The Glendale City Council typically meets in workshop session every two weeks on a Tuesday afternoon at 1:30PM. It is also televised on Glendale’s Channel 11, which only works if you have Cox cable service and live in Glendale. It is also available online at www.glendaleaz.com.
This is the busiest time of year for any city council as it decides where to allocate resources (revenues) for the coming year. Money in local government is power and each department fights to retain or grow its part of the pie(chart). It will be interesting to see who the gorillas are this year.
What can we expect this Tuesday? Several important items are up for discussion, some of which will be discussed in open session and some of which will be discussed in the non-public, executive session. First up in the open session will be the periodic legislative update. There should be discussion (I would hope) on the state’s attempt to take away cities’ construction sales tax. This issue is huge and if the state prevails, look for every city (including Glendale) to try to find ways to mitigate this loss which could be substantial.
Next up will be Council Items of Special Interest on the Police and Fire budgets. Making it to a workshop agenda is interesting in and of itself. Last week Councilmember Chavira called for such a discussion and his suggestion met with deafening silence by the rest of Council. Yet here we are, a week later, and it has made its way to a workshop. Even more curious, at the previous council’s January 8, 2013 meeting, it was scheduled to vote approval to take actions to balance both department budgets. Instead a motion was made and approved by a majority of council (I was not one) to place all actions on hold until the appointment of a permanent city manager. There is no permanent city manager…yet…but like an unruly stepchild, the issue is before the new council. Hmmmm…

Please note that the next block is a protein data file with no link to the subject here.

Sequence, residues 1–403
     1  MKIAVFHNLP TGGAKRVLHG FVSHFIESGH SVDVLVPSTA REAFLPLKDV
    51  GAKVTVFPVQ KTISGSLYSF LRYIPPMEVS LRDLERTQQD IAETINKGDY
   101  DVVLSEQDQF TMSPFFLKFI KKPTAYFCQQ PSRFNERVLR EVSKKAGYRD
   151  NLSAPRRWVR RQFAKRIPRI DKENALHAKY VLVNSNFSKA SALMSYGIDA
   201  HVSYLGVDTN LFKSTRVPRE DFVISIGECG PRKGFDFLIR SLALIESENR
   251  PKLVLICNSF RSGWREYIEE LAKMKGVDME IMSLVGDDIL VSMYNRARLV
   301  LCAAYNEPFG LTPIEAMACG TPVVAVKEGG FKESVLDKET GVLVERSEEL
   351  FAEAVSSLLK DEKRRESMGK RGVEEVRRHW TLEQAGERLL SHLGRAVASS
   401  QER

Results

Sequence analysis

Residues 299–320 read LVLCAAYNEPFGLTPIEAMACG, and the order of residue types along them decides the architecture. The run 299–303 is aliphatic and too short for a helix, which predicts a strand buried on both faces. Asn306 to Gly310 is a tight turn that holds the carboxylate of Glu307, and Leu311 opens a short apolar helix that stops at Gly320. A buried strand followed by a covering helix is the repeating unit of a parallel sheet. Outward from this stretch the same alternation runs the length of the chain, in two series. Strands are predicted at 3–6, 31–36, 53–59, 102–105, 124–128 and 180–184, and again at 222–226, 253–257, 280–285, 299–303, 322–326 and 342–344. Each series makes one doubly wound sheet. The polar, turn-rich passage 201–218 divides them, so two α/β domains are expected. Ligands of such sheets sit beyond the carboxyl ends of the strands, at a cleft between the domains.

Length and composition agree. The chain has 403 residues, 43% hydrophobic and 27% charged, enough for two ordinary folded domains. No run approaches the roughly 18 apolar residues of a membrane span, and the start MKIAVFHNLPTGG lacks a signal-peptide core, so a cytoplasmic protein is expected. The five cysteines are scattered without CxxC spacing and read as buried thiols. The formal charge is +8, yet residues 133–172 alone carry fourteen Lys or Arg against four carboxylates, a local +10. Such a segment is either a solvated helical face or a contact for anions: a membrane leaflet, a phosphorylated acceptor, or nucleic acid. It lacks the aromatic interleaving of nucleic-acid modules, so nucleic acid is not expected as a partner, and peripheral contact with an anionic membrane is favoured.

Then there are the six items listed on the council’s executive session agenda. Three of them are hot topics. One is consultation with the newly hired external auditor with a price tag of $200,000; another is that council is to give the City Manager and City Attorney direction regarding arena management (don’t forget Beacon Sports’ fee of $100,000) and the Coyotes; and the last of the trio is to resolve the compensation package for the former City Attorney and I assume, the Acting City Attorney as well. The first two items deal with contracts and the third with personnel. All, unfortunately, are legitimate topics of private discussion.
It would be extraordinary if council resolved the Coyotes issue in Esession but, the NHL will first sell the team to whomever and then the council will decide if the Coyotes stay or go when it makes its decision about the arena management contract. Don’t expect any news on the Coyotes issue from Glendale today or anytime in the very near future.
On Monday, April 1, the city will host its first of two community meetings on the city budget. I plan to go and learn the “media line” that will be used to sell it to the community this year.